IMHO, good sir, the only way that you can be assured of an upgrade with the least amount of difficulty and frustration is to take steps in advance to minimize possible problems; and protecting your data is definitely a sizeable part of that.
If I was currently in your situation, and didn't want to perform a clean installation, these are things I would do:
1.) Create a second partition on the hard drive, and move all my personal data to this area.
2.) Test the system for WinXP compatibility.
3.) Assemble the newest drivers for my hardware (including chipset drivers) and software updates for my programs, and either burn them to CD-R disks, or store the data on that second partition. This would also include any necessary updates for the new operating system.
4.) If the system was assembled before 2001, I'd make precise, written notes of all my current BIOS settings, and then flash to the latest version for the mainboard. I'd also want to know in advance if my system supported ACPI power management, or the older APM power management, so I could select the correct HAL during the OS installation.
<i>Then</i> I might try the upgrade. But not before.
This might sound complicated, but that's really not the case. It's simply preparing your system for what's to come. You also can't assume if the upgrade causes a problem that you'll be able to uninstall WinXP and return the computer to it's previous state, as if nothing had ever happened. This is not like installing a program; this is a major upgrade, and uninstalling WinXP could possibly leave an unbootable mess behind. You <i>must</i> be prepared for the worst ... which could be a format and a reinstallation of Win98, combined with the loss of all your data.
The only users you'll ever meet who have very little down-time are those who prepare for disaster <i>before</i> it happens. Computers are not forgiving of mistakes or errors in judgement. Where I come from, we call this kind of happy-go-lucky attitude "cutting off your nose to spite your face!"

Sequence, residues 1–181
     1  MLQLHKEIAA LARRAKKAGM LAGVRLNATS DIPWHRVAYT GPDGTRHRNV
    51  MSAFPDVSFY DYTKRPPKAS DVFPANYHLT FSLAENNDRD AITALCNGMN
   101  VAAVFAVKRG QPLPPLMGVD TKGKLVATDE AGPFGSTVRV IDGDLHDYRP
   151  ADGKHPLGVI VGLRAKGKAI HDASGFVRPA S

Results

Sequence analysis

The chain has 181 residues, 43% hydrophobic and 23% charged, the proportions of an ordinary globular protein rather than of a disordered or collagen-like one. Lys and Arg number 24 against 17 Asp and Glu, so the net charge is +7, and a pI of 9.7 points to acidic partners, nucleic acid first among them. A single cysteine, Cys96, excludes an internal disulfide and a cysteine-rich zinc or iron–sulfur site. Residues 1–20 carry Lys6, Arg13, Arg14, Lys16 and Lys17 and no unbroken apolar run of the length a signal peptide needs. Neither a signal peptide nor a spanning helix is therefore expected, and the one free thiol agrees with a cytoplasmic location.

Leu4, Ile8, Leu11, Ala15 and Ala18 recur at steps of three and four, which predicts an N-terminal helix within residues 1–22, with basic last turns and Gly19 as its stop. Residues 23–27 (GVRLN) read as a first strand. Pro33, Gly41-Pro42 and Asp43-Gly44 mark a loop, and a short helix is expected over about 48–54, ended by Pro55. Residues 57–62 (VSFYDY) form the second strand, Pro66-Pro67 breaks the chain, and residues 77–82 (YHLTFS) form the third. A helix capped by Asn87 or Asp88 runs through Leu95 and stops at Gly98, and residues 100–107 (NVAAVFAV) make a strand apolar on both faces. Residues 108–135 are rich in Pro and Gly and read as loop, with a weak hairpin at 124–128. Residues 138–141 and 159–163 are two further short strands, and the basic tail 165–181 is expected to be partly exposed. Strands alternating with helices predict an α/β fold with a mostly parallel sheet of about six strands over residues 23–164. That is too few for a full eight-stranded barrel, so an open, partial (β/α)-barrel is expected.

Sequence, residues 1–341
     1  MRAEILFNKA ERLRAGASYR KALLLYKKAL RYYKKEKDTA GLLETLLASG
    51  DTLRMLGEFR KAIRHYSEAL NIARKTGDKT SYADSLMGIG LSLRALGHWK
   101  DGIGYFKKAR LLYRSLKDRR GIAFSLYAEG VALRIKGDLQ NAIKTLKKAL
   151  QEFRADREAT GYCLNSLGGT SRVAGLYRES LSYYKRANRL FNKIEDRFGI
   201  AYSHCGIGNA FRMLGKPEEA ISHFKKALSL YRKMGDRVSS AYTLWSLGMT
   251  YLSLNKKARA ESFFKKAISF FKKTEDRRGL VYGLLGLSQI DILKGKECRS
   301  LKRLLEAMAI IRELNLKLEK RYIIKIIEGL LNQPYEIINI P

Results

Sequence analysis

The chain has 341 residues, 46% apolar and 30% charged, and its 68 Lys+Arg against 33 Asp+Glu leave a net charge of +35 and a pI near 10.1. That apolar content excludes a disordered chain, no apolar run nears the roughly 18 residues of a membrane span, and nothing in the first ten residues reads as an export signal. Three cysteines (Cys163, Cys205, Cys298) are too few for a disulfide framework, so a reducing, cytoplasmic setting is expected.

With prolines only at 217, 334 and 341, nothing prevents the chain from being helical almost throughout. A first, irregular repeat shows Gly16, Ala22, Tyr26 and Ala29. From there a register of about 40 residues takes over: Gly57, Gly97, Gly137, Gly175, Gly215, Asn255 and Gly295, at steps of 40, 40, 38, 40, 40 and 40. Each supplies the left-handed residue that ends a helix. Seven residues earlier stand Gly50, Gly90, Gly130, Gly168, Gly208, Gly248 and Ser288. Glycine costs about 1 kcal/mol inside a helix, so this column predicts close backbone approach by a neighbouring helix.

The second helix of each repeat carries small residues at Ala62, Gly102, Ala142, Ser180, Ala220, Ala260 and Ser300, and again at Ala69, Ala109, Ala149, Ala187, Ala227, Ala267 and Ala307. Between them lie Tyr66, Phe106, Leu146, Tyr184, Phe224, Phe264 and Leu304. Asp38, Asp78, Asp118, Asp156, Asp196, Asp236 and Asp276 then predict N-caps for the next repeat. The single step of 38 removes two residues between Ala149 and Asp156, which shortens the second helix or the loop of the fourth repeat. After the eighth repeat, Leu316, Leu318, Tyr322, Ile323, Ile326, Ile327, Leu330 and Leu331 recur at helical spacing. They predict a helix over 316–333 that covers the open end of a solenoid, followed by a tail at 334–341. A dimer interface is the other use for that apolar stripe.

And finally, of course, there is a the option of a dual-boot. I know that you don't like the idea, because it causes a delay in the boot process (which can be edited, by the way), but it would allow you to keep Win98 intact, while you try out the newer OS. Which for many people is the entire point of a dual-boot!
In any case, as you can see, there's really no way that you can just install WinXP, relax, and be done with it. If operating systems were that simple and easy to use, this entire community would be a giant chat forum, and no one would have any problems. I would be finished with providing online technical support, and you would have never had any questions in the first place. :smile:
Give some thought to this before you proceed, okay?
Oh, and another link you might need, while I'm thinking about it:
Have you considered, getting a new hardrive, installing a full OEM installation of WinXP (Home or Pro), on the new hardrive, then after fully completing the full installation, hooking in your old hardrive as a Slave to the Master WinXP hardrive and transferring files only, (MP3s, Pictures, Word, Adobe, and whatever Documents, Videos, AVIs, MPEGs,) to the new hardrive, (No Programs, they will more than likely <b>NOT</b> be compatable with XP), because WinXP is fully capable of doing that type of transfer.